Dissertation, January 1, 2006. 354 Pages.
NOTE: At the time of publication, the author David Janzen was not yet affiliated with Cal Poly.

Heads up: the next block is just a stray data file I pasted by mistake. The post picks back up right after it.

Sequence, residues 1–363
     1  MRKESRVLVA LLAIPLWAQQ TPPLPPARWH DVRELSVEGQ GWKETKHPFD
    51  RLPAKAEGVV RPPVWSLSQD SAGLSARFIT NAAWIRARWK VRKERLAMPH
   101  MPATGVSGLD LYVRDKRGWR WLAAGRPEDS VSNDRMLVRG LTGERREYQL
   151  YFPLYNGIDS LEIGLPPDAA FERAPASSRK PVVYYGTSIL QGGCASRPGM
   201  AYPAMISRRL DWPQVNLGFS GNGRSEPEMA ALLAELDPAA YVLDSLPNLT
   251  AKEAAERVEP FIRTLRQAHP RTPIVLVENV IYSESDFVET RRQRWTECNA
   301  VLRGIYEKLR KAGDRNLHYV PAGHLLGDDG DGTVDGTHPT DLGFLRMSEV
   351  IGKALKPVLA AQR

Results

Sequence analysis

Test-driven development (TDD) has gained recent attention with the popularity of the Extreme Programming agile software development methodology. Advocates of TDD rely primarily on anecdotal evidence with relatively little empirical evidence of the benefits of the practice. This research is the first comprehensive evaluation of how TDD affects software architecture and internal design quality. Formal controlled experiments were conducted in undergraduate and graduate academic courses, in a professional training course, and with in-house professional development projects in a Fortune 500 company. The experiments involved over 230 student and professional programmers working on almost five hundred software projects ranging in size from one hundred to over 30,000 lines of code. The research also included a case study of fifteen software projects developed over five years in a Fortune 500 corporation. This research demonstrates that software developers applying a test-first (TDD) approach are likely to improve some software quality aspects at minimal cost over a comparable test-last approach. In particular this research has shown statistically significant differences in the areas of code complexity, size, and testing. These internal quality differences can substantially improve external software quality (defects), software maintainability, software understandability, and software reusability. Further this research has shown that mature programmers who have used both the test-first and test-last development approaches prefer the test-first approach. In addition, this research contributes a pedagogical approach called test-driven learning (TDL) that integrates TDD instruction at all levels. TDL was partially applied at all academic levels from early programming instruction through professional continuing education. Results indicate some differences between beginning and mature developers including reluctance by early programmers to adopt the TDD approach. By providing the first substantial empirical evidence on TDD and internal software quality, this research establishes a benchmark and framework for future empirical studies. By focusing on both software design and software testing, this research is already raising awareness of TDD as both a design and testing approach through publications and international awards.